The city council of Kingston, Ontario voted unanimously on Tuesday to condemn conversion therapy and draft municipal bylaws that would prohibit it, after hearing pleas from conversion therapy survivors and advocates, and an emotional speech by the mayor who has himself has been accused of participating in the practice.
“Conversion therapy is wrong. It's just plain wrong,” Mayor Bryan Paterson said at the virtual council meeting. “I do not support it, or condone it in any way, shape or form.”
The original motion put before council, and seconded by Paterson, denounces conversion therapy, the widely discredited pseudoscientific practice of trying to suppress or change someone’s gender identity and/or sexual orientation to cisgender or straight. It has “devastating impacts on its victims” including anxiety, depression, self-hatred, suicide, and other psychological and social issues, states the advocacy group No Conversion Canada.
The motion also formally supports the federal government’s proposed conversion therapy ban, Bill C-6, that, if passed, will criminalize conversion therapy for minors and for adults who are forced into it.
Derek Sloan, the Conservative federal MP who is one of several Conservatives who opposes the federal legislation to ban conversion therapy was originally scheduled to speak to the motion, but, in a rare move, the councillors denied him the opportunity to do so.
An amendment to pursue local bylaws by this fall that would ban the practice within the city “across all age groups” was eventually added—putting Kingston on track to become the first city in the province to ban the practice, following a number of other cities that have already done so, mostly in Alberta.
“I see this motion as a chance for council, and also for me, to take a stand against something that is wrong, but also make a stand on something that is right, in this case, an inclusive community,” Paterson told the council.
Paterson came under fire last fall for his long-time involvement with a local ultra-conservative evangelical church, Third Day Worship Centre (TDWC), after videos emerged showing the church’s leader pastor spewing anti-LGBTQ+ rhetoric during his sermons and promoting conspiracy theories about the COVID-19 pandemic.
Within days, Paterson, who once served as a TDWC youth pastor, announced he and his family had left the church and that he did not agree with those views of the church. Last October, VICE World News published a series of investigations into numerous allegations of conversion therapy at the church over the last decade, including the story of one young man, Ben Rodgers, who alleged that Paterson, as youth pastor, participated in the conversion therapy he says he experienced by church leaders.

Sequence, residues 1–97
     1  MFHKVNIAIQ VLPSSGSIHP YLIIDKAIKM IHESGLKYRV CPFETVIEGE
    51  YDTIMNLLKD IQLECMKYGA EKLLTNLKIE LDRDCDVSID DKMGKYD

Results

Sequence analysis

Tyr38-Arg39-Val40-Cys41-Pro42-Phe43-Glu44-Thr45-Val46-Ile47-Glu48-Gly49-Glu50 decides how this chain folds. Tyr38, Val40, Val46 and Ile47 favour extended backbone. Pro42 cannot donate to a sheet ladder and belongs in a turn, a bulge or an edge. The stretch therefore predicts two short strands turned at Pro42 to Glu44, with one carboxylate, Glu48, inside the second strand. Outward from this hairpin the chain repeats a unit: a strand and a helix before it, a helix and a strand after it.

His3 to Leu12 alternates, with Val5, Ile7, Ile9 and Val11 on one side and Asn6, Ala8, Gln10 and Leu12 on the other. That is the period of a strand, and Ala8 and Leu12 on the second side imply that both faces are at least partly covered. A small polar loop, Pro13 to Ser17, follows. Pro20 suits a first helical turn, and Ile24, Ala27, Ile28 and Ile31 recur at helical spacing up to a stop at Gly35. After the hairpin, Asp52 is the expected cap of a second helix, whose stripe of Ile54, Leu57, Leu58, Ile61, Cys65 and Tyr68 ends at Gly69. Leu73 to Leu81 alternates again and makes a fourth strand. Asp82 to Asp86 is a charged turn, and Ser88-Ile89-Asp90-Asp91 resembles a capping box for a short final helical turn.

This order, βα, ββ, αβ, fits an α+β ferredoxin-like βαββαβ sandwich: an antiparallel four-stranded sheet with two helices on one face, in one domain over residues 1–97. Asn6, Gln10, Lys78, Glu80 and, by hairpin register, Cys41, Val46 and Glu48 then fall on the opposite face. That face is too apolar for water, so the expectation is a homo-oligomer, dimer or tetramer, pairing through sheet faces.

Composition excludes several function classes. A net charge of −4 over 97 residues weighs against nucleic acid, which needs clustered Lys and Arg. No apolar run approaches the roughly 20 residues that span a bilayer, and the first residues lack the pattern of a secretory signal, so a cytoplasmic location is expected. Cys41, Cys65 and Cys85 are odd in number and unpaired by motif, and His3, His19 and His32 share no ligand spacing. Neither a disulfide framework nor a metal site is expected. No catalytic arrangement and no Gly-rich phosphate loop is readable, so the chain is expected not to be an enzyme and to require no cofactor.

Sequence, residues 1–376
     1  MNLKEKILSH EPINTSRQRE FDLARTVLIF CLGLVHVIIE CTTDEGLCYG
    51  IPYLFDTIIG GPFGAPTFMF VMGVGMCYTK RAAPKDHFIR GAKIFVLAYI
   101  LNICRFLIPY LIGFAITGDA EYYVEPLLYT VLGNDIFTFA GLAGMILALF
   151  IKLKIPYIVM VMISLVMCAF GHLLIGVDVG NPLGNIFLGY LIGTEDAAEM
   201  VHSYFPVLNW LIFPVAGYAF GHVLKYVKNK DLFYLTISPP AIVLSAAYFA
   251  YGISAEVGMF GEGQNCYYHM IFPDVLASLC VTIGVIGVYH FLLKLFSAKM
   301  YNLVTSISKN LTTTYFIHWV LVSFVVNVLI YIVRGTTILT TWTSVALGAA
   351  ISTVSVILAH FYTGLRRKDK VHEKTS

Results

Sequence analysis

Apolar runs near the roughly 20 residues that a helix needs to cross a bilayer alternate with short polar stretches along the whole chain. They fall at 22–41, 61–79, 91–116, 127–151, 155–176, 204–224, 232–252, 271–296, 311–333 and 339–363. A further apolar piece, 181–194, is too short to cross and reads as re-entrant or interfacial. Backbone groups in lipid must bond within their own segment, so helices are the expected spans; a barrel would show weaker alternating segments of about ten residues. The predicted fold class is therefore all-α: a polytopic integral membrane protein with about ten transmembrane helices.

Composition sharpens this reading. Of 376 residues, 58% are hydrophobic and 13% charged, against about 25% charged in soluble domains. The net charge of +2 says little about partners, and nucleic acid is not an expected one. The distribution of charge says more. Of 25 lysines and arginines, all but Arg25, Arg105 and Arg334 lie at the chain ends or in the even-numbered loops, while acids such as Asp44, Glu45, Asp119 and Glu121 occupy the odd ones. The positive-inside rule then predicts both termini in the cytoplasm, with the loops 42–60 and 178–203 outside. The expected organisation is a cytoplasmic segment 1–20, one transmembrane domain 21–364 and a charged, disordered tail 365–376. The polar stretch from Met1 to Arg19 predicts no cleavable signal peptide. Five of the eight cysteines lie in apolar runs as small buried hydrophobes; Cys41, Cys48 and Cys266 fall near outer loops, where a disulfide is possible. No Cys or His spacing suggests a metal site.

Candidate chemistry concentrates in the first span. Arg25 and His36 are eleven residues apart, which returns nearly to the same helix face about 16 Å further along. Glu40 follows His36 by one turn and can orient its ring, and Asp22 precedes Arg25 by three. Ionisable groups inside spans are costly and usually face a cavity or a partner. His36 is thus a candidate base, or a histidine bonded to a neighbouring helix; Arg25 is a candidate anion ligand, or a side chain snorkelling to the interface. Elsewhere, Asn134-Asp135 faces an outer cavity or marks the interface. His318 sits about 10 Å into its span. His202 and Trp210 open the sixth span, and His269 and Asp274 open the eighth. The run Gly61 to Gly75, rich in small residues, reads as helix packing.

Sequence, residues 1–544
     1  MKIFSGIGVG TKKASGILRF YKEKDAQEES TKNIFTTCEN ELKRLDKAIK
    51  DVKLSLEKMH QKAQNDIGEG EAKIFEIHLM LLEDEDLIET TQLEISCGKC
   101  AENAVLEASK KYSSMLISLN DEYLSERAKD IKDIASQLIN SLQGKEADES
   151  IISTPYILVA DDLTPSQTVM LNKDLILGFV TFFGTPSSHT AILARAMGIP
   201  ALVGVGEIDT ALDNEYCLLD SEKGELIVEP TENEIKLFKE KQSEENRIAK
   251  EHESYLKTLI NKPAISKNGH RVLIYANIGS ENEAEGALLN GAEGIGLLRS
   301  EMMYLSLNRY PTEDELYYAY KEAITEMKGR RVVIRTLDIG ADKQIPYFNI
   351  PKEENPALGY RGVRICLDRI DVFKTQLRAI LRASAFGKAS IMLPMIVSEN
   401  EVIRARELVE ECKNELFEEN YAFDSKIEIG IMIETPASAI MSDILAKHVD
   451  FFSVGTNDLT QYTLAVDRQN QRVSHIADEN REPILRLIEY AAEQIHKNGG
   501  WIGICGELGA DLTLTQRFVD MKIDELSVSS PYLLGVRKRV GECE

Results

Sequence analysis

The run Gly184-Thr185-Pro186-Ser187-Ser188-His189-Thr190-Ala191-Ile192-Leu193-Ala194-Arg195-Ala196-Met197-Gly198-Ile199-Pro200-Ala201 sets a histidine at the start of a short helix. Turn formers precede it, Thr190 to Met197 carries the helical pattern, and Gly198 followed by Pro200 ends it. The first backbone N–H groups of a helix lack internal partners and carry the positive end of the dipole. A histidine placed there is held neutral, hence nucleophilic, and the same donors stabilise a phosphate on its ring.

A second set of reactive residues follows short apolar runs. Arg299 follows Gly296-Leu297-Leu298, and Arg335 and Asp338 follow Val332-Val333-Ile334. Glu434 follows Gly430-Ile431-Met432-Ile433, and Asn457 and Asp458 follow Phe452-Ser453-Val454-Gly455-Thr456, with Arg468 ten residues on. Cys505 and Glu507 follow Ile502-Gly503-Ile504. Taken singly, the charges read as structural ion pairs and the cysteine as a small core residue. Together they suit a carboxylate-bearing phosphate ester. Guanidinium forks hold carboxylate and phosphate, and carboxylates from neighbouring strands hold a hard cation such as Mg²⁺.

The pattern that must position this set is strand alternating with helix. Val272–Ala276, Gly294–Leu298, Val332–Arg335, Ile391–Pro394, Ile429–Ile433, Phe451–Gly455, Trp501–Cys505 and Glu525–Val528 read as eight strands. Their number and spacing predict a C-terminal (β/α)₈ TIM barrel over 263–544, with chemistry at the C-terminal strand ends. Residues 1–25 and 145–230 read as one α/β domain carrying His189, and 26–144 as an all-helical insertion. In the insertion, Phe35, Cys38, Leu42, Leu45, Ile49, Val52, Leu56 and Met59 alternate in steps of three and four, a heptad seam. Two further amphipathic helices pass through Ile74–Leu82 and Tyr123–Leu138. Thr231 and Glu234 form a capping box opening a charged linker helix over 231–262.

Paterson has denied participating in conversion therapy and TDWC has not responded to these allegations, which were also later reported on by Global News.
Rodgers appeared briefly at the council meeting on Tuesday to speak about his experiences at the church in 2004 when he was 19 and urge councillors, and Paterson, to pass the motion.
“I survived conversion therapy through the church, Third Day Worship Centre … a church you, Mayor Paterson, were a pastor and an interim dean while I attended at that church,” Rodgers said.
He described how church leaders told him to fast for three days before he would attend a service where they would lay hands on him in an attempt to turn him from gay to straight. “I had hands over my face, there were people yelling in some strange languages ... calling out demons of lust and homosexuality, forcing me to change who I was,” Rodgers said.
“I don't know about you, but that sounds like torture. And for me, it really was.”
Later on, before the final vote, Paterson said he wanted to “address the elephant in the room, which, in this case, is me.”
“I know full well that my personal faith has been in the spotlight over the last number of months,” he said. “I know that there have been some legitimate questions, some misperceptions even about what my own beliefs are.”
He said that when he heard Rodgers’ story, “it honestly breaks my heart.”
Paterson said that while he was “not aware of these situations, I'm just deeply saddened to hear about the negative experiences that people have.” As a Christian, he said that his views on the LGBTQ+ community have “evolved over the years,” and that he has now “come to that place where I believe that I'm called to love every person to ensure that they are valued and respected. That is my heart.”
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